Villagers of Raviravi in Macuata are a shining example to many on how to prepare for an approaching cyclone and what they should do post-cyclone.
They say they have been saved by the grace of their flag system during Cyclone Yasa and they hope this system is followed by other villagers to minimize deaths, injuries and damages during cyclones and other natural disasters and to also be ready post-cyclone.
There is no time for complacency when it comes to natural disasters approaching us. However we still get reports from the ground from some areas where some people decide that they do not have to move even if they are in the direct path of a cyclone. Some even call us for rescue workers to save them when the system is right over them however authorities cannot send teams out at that time as it would put more lives in danger.
The reasons given by some people why they decide not to move – they think they will never be hit by a cyclone, they believe they should not fear as God is with them, they are blessed and have not sinned to be punished and the cyclone is not strong enough to cause any effects to their house.
Speaking to us from Nukubati, the Turaga ni Yavusa from Raviravi, Akuila Paini says they are thankful for the knowledge that they have in disaster preparedness which saved their lives during Cyclone Yasa.
Paini says they have a Disaster Preparedness Committee which is in charge of their flag system.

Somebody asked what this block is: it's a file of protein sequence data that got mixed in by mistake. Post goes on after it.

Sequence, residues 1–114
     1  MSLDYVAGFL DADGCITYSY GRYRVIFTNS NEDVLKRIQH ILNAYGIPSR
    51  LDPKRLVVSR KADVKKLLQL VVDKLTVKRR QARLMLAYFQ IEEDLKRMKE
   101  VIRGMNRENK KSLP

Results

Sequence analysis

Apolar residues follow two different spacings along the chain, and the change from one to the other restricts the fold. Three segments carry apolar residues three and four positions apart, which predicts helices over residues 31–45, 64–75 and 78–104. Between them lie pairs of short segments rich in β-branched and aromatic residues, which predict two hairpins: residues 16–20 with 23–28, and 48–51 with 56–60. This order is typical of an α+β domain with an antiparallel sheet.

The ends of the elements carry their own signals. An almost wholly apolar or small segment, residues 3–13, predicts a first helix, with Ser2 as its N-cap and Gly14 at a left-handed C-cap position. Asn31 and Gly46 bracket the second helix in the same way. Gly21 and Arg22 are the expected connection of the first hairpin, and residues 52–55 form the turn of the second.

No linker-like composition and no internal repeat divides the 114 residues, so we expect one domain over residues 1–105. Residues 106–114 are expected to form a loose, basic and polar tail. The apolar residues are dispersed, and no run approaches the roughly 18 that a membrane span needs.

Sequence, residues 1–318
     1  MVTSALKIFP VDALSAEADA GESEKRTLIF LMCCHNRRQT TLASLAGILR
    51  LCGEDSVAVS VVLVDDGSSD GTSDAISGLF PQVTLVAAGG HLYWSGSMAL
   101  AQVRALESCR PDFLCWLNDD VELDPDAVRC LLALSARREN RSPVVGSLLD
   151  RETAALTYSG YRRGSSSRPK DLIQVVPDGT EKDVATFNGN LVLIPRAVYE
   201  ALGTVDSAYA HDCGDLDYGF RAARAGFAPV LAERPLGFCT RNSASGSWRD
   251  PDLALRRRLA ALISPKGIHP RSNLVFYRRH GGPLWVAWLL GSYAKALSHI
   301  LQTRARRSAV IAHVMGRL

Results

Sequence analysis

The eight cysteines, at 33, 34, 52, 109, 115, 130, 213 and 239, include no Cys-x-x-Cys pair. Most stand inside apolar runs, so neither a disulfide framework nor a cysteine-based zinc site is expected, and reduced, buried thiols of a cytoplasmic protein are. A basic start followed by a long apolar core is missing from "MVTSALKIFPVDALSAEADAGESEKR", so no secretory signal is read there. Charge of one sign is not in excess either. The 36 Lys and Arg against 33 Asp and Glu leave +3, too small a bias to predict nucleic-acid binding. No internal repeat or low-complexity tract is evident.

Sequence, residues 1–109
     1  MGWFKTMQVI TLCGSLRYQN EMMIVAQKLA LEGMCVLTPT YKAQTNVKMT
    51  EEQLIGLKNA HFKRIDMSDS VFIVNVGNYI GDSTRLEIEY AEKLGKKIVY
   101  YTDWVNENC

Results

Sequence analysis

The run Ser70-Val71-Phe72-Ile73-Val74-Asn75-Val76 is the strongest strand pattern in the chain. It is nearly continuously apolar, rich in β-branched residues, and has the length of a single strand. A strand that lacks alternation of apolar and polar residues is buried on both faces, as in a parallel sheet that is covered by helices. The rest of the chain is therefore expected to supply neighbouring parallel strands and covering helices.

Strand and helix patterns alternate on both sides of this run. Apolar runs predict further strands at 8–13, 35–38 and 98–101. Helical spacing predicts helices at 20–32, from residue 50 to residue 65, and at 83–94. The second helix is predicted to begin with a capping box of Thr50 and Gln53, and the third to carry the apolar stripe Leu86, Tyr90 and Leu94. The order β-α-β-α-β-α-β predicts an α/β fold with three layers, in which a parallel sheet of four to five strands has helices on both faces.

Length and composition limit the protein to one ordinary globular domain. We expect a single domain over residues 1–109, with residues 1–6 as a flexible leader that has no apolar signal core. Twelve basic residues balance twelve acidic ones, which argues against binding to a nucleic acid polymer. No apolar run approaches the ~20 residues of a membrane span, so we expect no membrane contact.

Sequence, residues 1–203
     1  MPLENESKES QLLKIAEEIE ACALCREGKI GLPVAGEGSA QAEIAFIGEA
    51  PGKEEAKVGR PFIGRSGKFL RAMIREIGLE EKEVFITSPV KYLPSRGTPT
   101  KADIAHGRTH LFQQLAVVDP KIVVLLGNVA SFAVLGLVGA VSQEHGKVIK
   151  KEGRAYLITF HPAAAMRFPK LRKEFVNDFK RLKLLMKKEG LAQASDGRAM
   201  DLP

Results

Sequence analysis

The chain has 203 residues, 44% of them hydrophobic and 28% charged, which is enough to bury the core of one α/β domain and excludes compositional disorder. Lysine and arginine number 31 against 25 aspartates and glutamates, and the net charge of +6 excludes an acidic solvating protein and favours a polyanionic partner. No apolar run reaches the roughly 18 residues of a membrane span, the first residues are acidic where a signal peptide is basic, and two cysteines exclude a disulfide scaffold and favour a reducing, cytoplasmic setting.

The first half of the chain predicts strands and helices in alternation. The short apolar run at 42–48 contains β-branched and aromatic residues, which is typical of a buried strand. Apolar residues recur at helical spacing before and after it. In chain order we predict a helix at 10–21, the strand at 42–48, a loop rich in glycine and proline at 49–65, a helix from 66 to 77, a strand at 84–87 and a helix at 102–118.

He says the members of this committee had attended a workshop conducted by the Adventist Development and Relief Agency, where they had adopted this system.
Paini says they always put up a white flag on their pole in the village green when they are informed that a cyclone will approach them in the next 72 hours. He says this means that they have to gather their food, fetch water, start securing their houses and find a secure structure if their home is not safe.
Paini says the yellow flag will go up to indicate that the effects of the cyclone is 24 hours away.
He says they will then relocate children, elders and mothers to a safer place.
Paini says the red flag will go up to indicate that no one has to move around or even go out of the house.
The green flag goes up when the cyclone has passed and it is time to clean up.
He says during the village meetings, the committee always reminds the villagers of the importance of the flag system.
Paini is urging other villagers to have this system as it is hard to make the announcement in the villages when they start experiencing strong winds and heavy rain.
He says they are also proactive on the type of food that they should plant for cyclones as they cannot always wait on authorities to come with rations after being hit by super cyclones. The villagers always have kumala and cassava ready, and they had already cleaned up their village after Yasa, and still had their food in stock.
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